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Neolocal Residence
Neolocal residence is a type of post-marital residence in which a newly married couple resides separately from both the husband's natal household and the wife's natal household. Neolocal residence forms the basis of most developed nations, especially in the West, and is also found among some nomadic communities. Upon marriage, each partner is expected to move out of his or her parents' household and establish a new residence, thus forming the core of an independent nuclear family. Neolocal residence involves the creation of a new household where a child marries or even when he or she reaches adulthood and becomes socially and economically active. Neolocal residence and nuclear family domestic structures are found in societies where geographical mobility is important. In Western societies, they are consistent with the frequent moves that necessary due to choices and changes within a supply- and demand-regulated labor market
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House Society
In anthropology, a house society is a society where kinship and political relations are organized around membership in corporately-organized dwellings rather than around descent groups or lineages, as in the "House of Windsor". The concept was originally proposed by Claude Lévi-Strauss who called them "sociétés à maison".[1][2] The concept has been applied to understand the organization of societies from Mesoamerica and the Moluccas to North Africa and medieval Europe.[3][4] The House society is a hybrid, transitional form between kin-based and class-based social orders, and is not one of Lévi-Strauss' 'elementary structures' of kinship. Lévi-Strauss introduced the concept as an alternative to 'corporate kinship group' among the cognatic kinship groups of the Pacific region
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Incest Taboo
An incest taboo is any cultural rule or norm that prohibits sexual relations between certain members of the same family, mainly between individuals related by blood. All human cultures have norms that exclude certain close relatives from those considered suitable or permissible sexual or marriage partners, making such relationships taboo. However, different norms exist among cultures as to which blood relations are permissible as sexual partners and which are not. Sexual relations between related persons which are subject to the taboo are called incestuous relationships. Some cultures proscribe sexual relations between clan-members, even when no traceable biological relationship exists, while members of other clans are permissible irrespective of the existence of a biological relationship. In many cultures, certain types of cousin relations are preferred as sexual and marital partners, whereas in others these are taboo
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Patrilocal Residence
In social anthropology, patrilocal residence or patrilocality, also known as virilocal residence or virilocality, are terms referring to the social system in which a married couple resides with or near the husband's parents. The concept of location may extend to a larger area such as a village, town or clan territory. The practice has been found in around 70 percent of the world's modern human cultures that have been described ethnographically.[citation needed] Archaeological evidence for patrilocality has also been found among Neanderthal remains in Spain and for ancient hominids in Africa.[citation needed] Early theories explaining the determinants of postmarital residence (e.g., Lewis Henry Morgan, Edward Tylor, or George Peter Murdock) connected it with the sexual division of labor. However, to date, cross-cultural tests of this Matrilocal residence may be regarded as the opposite of patrilocal residence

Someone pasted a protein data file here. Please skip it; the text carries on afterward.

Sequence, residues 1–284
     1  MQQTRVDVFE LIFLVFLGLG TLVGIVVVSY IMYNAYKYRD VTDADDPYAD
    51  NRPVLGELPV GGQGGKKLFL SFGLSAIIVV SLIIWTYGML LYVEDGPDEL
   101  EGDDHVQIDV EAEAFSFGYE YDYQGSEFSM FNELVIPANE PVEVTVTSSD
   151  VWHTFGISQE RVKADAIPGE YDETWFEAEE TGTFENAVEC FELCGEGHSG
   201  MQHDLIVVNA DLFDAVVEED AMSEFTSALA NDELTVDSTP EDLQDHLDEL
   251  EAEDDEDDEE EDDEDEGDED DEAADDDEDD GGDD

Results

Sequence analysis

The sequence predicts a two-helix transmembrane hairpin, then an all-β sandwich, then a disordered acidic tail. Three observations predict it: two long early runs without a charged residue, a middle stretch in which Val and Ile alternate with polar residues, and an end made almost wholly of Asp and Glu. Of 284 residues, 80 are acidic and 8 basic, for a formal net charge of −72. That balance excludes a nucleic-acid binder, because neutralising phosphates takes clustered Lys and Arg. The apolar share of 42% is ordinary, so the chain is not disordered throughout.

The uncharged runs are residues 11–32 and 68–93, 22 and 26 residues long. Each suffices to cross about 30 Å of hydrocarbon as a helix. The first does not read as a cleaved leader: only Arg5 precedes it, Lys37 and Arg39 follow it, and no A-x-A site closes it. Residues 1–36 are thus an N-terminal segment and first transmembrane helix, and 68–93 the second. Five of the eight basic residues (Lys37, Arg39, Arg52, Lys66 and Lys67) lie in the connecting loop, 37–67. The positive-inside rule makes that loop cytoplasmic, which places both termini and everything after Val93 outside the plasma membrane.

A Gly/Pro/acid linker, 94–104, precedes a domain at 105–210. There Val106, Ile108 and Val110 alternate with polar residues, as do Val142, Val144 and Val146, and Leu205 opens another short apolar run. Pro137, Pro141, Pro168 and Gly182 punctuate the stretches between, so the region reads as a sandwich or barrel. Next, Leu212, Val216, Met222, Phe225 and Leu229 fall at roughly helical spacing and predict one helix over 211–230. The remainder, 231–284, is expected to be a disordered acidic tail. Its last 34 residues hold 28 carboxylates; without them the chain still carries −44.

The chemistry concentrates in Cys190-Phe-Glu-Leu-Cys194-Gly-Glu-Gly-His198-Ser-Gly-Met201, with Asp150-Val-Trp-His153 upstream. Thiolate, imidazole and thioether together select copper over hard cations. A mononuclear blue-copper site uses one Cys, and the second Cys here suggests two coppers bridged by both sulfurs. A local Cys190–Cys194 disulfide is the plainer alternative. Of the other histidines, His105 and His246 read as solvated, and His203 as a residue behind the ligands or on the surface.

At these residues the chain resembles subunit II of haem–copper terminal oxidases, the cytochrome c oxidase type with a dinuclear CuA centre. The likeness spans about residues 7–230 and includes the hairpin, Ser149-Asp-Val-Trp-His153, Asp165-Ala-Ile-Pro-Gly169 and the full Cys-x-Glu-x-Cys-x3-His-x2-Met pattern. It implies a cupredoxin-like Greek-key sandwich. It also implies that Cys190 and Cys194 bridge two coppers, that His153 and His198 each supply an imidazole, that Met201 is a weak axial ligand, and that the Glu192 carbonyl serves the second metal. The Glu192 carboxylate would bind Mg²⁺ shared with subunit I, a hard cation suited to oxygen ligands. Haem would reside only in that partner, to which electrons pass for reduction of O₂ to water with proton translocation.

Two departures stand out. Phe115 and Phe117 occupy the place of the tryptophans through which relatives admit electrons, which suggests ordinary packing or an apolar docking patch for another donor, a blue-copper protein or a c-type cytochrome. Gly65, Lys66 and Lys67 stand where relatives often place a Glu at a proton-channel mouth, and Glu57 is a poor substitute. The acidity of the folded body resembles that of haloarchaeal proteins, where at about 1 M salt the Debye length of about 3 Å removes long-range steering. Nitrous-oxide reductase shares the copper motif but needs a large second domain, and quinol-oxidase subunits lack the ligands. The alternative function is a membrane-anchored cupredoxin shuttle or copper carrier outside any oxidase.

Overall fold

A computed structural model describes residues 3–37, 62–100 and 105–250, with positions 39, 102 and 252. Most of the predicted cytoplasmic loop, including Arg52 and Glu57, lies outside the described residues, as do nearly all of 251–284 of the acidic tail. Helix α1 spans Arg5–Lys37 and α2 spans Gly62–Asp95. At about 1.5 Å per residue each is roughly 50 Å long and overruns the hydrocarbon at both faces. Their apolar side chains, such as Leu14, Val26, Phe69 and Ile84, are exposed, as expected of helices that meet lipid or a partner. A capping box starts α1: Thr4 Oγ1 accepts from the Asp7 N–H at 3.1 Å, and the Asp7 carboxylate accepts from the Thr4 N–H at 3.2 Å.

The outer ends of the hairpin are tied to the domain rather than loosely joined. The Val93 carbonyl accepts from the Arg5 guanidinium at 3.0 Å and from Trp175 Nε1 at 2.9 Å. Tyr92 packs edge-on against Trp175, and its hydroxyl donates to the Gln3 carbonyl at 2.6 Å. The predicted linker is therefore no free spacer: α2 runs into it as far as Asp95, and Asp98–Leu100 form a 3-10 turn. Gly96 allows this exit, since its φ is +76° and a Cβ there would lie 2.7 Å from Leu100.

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Ghost Marriage (Chinese)

When it comes to death customs, an unmarried Chinese woman has no descendants to worship her or care for her as part of a lineage.[11]:127 In every household, an altar is prominently displayed with the spirit tablets of the paternal ancestors and the images of the gods. A married woman's tablet is kept at the altar of her husband's family.[12] However, should a woman of eligible age pass away unmarried, her family is prohibited from placing her tablet on the altar of her natal home.[1]:83 Instead, she will be "given a temporary paper tablet, placed not on the domestic altar but in a corner near the door."[1]:83 Hence, the important duty of Chinese parents in marrying off their children[13]:254 becomes increasingly important for their daughters
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Dowry
A dowry is a transfer of parental property, gifts, or money at the marriage of a daughter (bride).[1] Dowry contrasts with the related concepts of bride price and dower. While bride price or bride service is a payment by the groom or his family to the bride's parents, dowry is the wealth transferred from the bride's family to the groom or his family, ostensibly for the bride. Similarly, dower is the property settled on the bride herself, by the groom at the time of marriage, and which remains under her ownership and control.[2] Dowry is an ancient custom, and its existence may well predate records of it. Dowries continue to be expected and demanded as a condition to accept a marriage proposal in some parts of the world, mainly in parts of Asia, Northern Africa and the Balkans
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